Non-League: Maidstone United

 

The current Maidstone United is the second incarnation of the club in Kent’s county town. But it’s a football club on the up, so we took a trip to the Gallagher Stadium to see ‘The Stones’ for ourselves.

 

By the banks of the meandering River Medway tucked between parkland and a roundabout is the 2,363-capacity Gallagher Stadium, home of Maidstone United. Built in 2012 and featuring a 3G artificial pitch to avoid match postponements and provide new revenue streams, the Gallagher Stadium is the mark of club in the ascendency. [Continues…]

 

With a population of 113,000 – bigger than Burnley, Blackburn and many other football towns, Maidstone is a town worthy of a league club. And it had one – briefly – between 1989-1992, when the original Maidstone United featured in the old Division Four.

 

The club was bankrupted in 1992 and resigned from the Football League, the last league club to do so. Players in that first incarnation included England manager Roy Hodgson, Warren Barton, Gary Breen and Peter Taylor.

 

A new incarnation – Maidstone Invicta – started life in the fourth division of the Kent League, reverting to ‘Maidstone United’ in 1997. The club made its way into the Isthmian Leagues and rose through those between 2006-15, winning the championship in 2014-15 season.

 

As a result, the club earned promotion to the Vanarama National League South, the sixth tier of English football and just two levels off where it was back in 1992.

 

Having recently moved just 10 minutes’ train ride away, I decided to check out my new local non-league team and popped over for the club’s home game with high-flying Bath City FC.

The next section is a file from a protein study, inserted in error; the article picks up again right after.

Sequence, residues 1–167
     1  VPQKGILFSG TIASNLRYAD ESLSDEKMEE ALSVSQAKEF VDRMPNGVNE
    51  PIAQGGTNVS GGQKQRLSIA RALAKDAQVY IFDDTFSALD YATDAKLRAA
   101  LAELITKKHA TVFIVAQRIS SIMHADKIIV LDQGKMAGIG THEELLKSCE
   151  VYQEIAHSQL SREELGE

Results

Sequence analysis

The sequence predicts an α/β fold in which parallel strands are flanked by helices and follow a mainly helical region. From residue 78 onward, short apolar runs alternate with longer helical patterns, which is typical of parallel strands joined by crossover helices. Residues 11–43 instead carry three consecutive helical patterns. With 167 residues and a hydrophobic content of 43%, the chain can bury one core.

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Maidstone United have equipped themselves well to National League South life, sitting in the top half of the table, and took an sixth-minute lead. They held it until the end too, despite the visitors hitting the bar twice. In fact, I don’t think I’ve ever heard the words “they definitely deserved a point” used by fans as much as I did on leaving the Gallagher.

 

The atmosphere was subdued at first but picked up second half to be pretty vocal. It was also great to see visiting subs chatting to fans, the kind of connectivity you simply don’t find in higher leagues.

 

I bought a scarf too, so I guess I’ll be coming back soon…

 

How to get to Maidstone United

 

Naming rights belong to construction firm Gallagher Group, but some fans still refer to the ground as James Whatman Way, the road off which the stadium stands.

 

The ground is handily just five minutes walk from Maidstone East railway station, and Maidstone is close to both the M2 and M20 motorways.

 

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